Manchin waffling on "billionaire tax"

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Sen. Joe Manchin (D-W.Va.) is telling colleagues he has deep concerns about a proposed “billionaire tax” but is waiting for more details before making a final decision, people familiar with the matter tell Axios.

Why it matters: The senator's doubts reveal an uncomfortable truth for the White House and congressional leaders as they race to finish — and pay for — their nearly $2 trillion social spending and climate package: A tax solution designed to satisfy Sen. Kyrsten Sinema (D-Ariz.) isn't necessarily acceptable to Manchin.

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  • The billionaire tax gained currency over the weekend because Sinema, a fellow moderate and key negotiator, signaled her opposition to corporate, personal and capital gains tax hikes. Manchin’s potential opposition to the billionaire-tax proposal would blow a $200 billion to $250 billion hole in the Democrats' plans for new revenues.

  • Manchin has long had concerns about “mark-to-market” proposals, which try to assess — and then tax — the appreciation of an asset before it’s been sold. That would be the underpinning of the billionaire tax.

  • On Tuesday, Manchin noncommittally told reporters: "I haven't seen the text on it.”

Driving the news: Sen. Ron Wyden (D-Ore.), chairman of the Senate Finance Committee, planned to release the details of his tax on unrealized gains for billionaires Tuesday evening, with senators and key House lawmakers eager to see actual legislation.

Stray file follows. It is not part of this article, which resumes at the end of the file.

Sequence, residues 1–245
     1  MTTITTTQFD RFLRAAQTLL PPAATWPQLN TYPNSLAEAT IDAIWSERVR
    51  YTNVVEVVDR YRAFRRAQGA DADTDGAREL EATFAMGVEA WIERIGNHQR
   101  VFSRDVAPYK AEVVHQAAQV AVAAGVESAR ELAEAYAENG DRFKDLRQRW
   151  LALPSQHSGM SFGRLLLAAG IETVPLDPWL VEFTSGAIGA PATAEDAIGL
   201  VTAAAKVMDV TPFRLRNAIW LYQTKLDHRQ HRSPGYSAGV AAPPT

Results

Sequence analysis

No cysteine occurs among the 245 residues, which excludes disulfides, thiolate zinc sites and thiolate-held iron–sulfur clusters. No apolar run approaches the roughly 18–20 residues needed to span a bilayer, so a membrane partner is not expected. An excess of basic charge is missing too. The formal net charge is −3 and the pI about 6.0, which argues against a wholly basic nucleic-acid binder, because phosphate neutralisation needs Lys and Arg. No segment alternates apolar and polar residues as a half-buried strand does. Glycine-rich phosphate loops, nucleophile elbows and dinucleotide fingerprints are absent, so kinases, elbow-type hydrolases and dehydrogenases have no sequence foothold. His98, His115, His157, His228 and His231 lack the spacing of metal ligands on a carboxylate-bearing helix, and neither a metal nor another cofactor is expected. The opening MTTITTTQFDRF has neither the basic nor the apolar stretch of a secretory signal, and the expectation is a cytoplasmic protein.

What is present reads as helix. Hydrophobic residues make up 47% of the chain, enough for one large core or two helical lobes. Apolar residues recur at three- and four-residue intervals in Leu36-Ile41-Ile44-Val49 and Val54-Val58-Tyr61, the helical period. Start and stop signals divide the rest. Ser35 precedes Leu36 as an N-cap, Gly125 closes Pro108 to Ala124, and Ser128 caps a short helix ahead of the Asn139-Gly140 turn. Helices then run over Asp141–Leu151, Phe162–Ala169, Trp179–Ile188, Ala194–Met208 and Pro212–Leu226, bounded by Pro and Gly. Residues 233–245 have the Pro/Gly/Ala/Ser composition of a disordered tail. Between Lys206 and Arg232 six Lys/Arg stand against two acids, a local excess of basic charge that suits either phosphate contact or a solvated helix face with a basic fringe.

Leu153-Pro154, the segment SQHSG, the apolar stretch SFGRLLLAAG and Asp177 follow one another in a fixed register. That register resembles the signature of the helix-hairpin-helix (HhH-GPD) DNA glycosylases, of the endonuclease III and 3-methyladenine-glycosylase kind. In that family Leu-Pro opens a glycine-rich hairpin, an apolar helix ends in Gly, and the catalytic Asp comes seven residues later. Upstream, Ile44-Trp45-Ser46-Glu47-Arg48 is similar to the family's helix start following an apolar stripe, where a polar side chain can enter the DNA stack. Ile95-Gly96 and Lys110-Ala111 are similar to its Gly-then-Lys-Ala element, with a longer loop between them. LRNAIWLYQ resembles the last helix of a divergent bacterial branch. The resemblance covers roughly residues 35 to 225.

• “These are complicated ideas and the devil’s in the details,” Sen. Mark Warner (D-Va.) told Axios.

  • Asked by Axios' Alayna Treene if he was skeptical about the proposal, Sen. Jon Tester (D-Mont.) said, “Oh of course. I think that — you know, I mean, I got to look at it.”

  • Some House Democrats, including House Way and Means Chairman Richard Neal (D-Mass.), have expressed misgivings about the proposal but haven't formally announced their opposition.

The big picture: Senate leaders unveiled a separate plan to impose a 15% minimum book tax on corporations with more than $1 billion in profits.

  • Previously estimates have put the potential revenue for that provision at $150 billion over 10 years, but Sen. Angus King (I-Maine) suggested Tuesday it could raise between $300 billion and $400 billion.

  • Sinema proclaimed her support on Twitter, and Manchin told reporters earlier Tuesday he's comfortable with the plan.

Between the lines: Even with the 15% minimum tax, Democrats are running out of potential revenue sources to pay for their proposed new spending.

  • That could force them to shrink the overall size of the package and discard some progressive priorities, including paid family leave or a Medicare expansion.

  • On Tuesday, Manchin all but killed a proposal to require banks to share more information about customers’ accounts with the IRS to help the agency find tax cheats — depriving negotiators of an estimated $200 billion in additional revenues.

  • "I think that one's going to be gone," Manchin said at an event hosted by The Economic Club of Washington.

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